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Week of December 12, 2011

Exhibit examines death customs of early America

George Washington on his deathbed announced, “Don’t let my body be put into the vault in less than two days after I am dead... Do you understand me?” expressing a common fear of being buried alive.

Handwritten first person accounts of the deaths of U.S. Presidents George Washington and Abraham Lincoln are among the items on display in the current exhibit “So Once Were We”: Death in Early America, presented from 1-4:45 p.m. Monday through Friday through Feb. 17 in the Great Hall of the William L. Clements Library.

The exhibit explores customs surrounding the human experience of death in America, from the settling of the New World through the early 20th century. Mourning practices, post-mortem care, etiquette, fashion and commemoration of the dead are examined.

The exhibit’s title comes from a partial line in a common epitaph, explains exhibit curator Cheney Schopieray. A variation, inscribed on a Civil War-era tombstone in St. Clair County, Alabama, reads: “Remember us, as you pass by/as you are now, so once were we.”

“The title embodies several themes in the exhibit: the transatlantic movement of ideas and traditions, the universal experience of death, and personal and collective remembrance,” Schopieray says.

The Mapes ambulance hearse parked in front of the Clarence E. Mapes furniture store and funeral parlor in Durand, Mich., circa 1903-1930, is included in the exhibit “So Once Were We”: Death in Early America. It is presented at the William L. Clements Library through Feb. 17. Photo courtesy William L. Clements Library.

Much of the exhibit focuses on the 19th century. It was a time when small pox, yellow fever and cholera epidemics decimated populations within cities. Schopieray got the idea for the exhibit while examining manuscript collections of the time. “Death seemed to permeate everyday discourse, in letters sent from one family member to another, private journals and commemorative products” he says.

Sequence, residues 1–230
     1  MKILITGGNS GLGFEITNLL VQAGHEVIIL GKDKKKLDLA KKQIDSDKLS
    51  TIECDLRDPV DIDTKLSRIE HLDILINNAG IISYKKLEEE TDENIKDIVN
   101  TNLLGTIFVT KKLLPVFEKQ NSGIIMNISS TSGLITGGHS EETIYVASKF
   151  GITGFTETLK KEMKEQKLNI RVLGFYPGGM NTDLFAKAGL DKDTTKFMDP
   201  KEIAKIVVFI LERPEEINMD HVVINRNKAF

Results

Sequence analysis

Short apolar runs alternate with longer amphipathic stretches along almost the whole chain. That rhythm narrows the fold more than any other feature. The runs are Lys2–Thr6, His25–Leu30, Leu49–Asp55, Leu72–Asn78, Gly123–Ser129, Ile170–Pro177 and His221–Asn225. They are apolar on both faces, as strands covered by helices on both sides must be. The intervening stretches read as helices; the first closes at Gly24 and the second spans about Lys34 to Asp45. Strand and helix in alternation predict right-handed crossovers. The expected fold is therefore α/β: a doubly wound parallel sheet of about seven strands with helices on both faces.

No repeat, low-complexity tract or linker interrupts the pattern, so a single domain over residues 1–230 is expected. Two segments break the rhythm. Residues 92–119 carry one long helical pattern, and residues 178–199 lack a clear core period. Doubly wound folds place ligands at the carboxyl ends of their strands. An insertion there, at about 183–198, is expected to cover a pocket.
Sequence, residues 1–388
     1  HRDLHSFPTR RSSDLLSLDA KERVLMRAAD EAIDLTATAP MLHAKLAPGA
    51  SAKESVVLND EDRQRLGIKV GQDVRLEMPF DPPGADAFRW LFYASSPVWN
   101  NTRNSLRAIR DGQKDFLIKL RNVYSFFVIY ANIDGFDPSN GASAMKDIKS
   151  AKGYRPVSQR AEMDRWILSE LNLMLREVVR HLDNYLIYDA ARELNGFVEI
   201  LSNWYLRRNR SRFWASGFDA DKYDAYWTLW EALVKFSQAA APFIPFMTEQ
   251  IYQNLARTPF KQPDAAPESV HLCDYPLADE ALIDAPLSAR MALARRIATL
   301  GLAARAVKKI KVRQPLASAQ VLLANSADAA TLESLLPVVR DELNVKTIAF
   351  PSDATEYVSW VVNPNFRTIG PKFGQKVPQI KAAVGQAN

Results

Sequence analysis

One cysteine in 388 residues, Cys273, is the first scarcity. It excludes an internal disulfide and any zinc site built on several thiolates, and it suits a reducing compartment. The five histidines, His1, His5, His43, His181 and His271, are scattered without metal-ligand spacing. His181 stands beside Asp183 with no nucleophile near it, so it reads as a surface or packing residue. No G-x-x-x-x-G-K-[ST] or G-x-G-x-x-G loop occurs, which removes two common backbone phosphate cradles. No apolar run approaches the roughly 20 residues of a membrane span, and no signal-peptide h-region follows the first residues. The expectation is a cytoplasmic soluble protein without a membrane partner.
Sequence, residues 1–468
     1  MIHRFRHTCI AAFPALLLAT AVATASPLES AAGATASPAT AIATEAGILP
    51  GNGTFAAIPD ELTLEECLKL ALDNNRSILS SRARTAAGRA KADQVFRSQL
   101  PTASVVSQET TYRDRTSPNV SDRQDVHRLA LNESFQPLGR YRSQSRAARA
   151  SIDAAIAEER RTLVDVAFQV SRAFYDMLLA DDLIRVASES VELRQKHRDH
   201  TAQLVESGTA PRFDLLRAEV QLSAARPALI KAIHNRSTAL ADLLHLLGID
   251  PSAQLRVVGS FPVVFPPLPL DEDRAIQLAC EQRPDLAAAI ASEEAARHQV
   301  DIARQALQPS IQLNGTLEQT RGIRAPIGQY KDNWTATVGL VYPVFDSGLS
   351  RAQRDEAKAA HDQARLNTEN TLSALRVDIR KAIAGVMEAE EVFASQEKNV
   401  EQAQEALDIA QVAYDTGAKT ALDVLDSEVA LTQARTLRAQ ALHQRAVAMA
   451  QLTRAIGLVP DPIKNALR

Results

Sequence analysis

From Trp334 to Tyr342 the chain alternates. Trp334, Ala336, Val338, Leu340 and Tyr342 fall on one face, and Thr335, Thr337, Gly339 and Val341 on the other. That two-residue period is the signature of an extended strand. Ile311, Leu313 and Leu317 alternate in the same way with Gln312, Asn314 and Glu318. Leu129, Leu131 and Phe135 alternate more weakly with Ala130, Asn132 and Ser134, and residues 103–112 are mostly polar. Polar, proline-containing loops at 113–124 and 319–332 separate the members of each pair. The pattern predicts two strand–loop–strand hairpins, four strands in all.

Following the advent of photography in the 1830s, it became popular to mourn those who recently had died by taking a post-mortem photo. “Many people, especially children, had no photograph taken of them while living,” Schopieray says. The dead were often photographed in lifelike poses, as though they were sleeping peacefully. One exhibit photo shows a dead child propped into a sitting position and surrounded by favorite toys.

Beyond preserving memories of the dead through photography, interest in preserving bodies by embalming grew during the Civil War. “You have massive numbers of Americans dying a long way from home and family members wishing to preserve their loved ones in order to transport them back to their hometowns,” Schopieray says.

But it was the death of Abraham Lincoln in 1865 that helped popularize embalming with the general public. “His body needed to be taken from Washington, D.C., to Springfield, Illinois, by train, so they wanted his corpse to last. Lincoln’s embalming and numerous public viewings of his body helped advertise the procedure and facilitate its acceptance,” Schopieray says.

One display includes the Besson & Son of Philadelphia Mourning Catalogue from 1856, which advertises mourning clothes for women, to be worn for socially acceptable time periods: For a husband, one year and a day to life; for a child, six-12 months; for a cousin, six weeks.

A drawing presented in 1871 to the United States Patent Office shows Theodore Schroeder and Hermann Wuests’ “life detector for coffins.” It sought to prevent premature burial by allowing the user to pull a chain, which would ring a bell and open a latch allowing air into the coffin. Other material in the exhibit includes 16th and 17th century European accounts of Native American death practices, photographs and objects related to the history of the funeral industry, and items pertaining to funerals, burials and cemeteries.



Karl Daubmann, associate professor of architecture at the Taubman College of Architecture and Urban Planning, on what inspires him:  "Objects where the design adds value and negotiates multiple requirements that far exceed the intended function."


UNStill Life Acrylic Paintings by Joyce Lieberman, through Feb. 6, Gifts of Art Gallery, University Hospital

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